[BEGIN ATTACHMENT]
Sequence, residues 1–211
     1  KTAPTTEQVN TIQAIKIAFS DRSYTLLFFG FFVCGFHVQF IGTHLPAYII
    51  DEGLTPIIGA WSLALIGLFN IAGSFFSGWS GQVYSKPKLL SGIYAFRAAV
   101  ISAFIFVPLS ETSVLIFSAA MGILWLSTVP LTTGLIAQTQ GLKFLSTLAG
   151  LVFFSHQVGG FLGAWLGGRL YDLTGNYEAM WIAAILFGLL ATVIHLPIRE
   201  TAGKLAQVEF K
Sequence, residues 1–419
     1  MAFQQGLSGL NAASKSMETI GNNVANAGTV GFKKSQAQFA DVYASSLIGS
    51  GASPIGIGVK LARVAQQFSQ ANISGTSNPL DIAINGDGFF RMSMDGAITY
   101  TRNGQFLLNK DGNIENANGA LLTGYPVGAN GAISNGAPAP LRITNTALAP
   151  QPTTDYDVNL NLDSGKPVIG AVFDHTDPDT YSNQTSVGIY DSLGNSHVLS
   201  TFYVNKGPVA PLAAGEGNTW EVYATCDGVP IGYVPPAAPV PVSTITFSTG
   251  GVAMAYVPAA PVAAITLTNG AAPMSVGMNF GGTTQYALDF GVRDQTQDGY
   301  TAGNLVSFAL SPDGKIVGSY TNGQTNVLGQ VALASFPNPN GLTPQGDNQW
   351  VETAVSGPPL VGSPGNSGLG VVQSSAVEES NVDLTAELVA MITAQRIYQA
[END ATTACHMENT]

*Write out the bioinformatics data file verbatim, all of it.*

Sequence, residues 1–211
     1  KTAPTTEQVN TIQAIKIAFS DRSYTLLFFG FFVCGFHVQF IGTHLPAYII
    51  DEGLTPIIGA WSLALIGLFN IAGSFFSGWS GQVYSKPKLL SGIYAFRAAV
   101  ISAFIFVPLS ETSVLIFSAA MGILWLSTVP LTTGLIAQTQ GLKFLSTLAG
   151  LVFFSHQVGG FLGAWLGGRL YDLTGNYEAM WIAAILFGLL ATVIHLPIRE
   201  TAGKLAQVEF K
Sequence, residues 1–419
     1  MAFQQGLSGL NAASKSMETI GNNVANAGTV GFKKSQAQFA DVYASSLIGS
    51  GASPIGIGVK LARVAQQFSQ ANISGTSNPL DIAINGDGFF RMSMDGAITY
   101  TRNGQFLLNK DGNIENANGA LLTGYPVGAN GAISNGAPAP LRITNTALAP
   151  QPTTDYDVNL NLDSGKPVIG AVFDHTDPDT YSNQTSVGIY DSLGNSHVLS
   201  TFYVNKGPVA PLAAGEGNTW EVYATCDGVP IGYVPPAAPV PVSTITFSTG
   251  GVAMAYVPAA PVAAITLTNG AAPMSVGMNF GGTTQYALDF GVRDQTQDGY
   301  TAGNLVSFAL SPDGKIVGSY TNGQTNVLGQ VALASFPNPN GLTPQGDNQW
   351  VETAVSGPPL VGSPGNSGLG VVQSSAVEES NVDLTAELVA MITAQRIYQA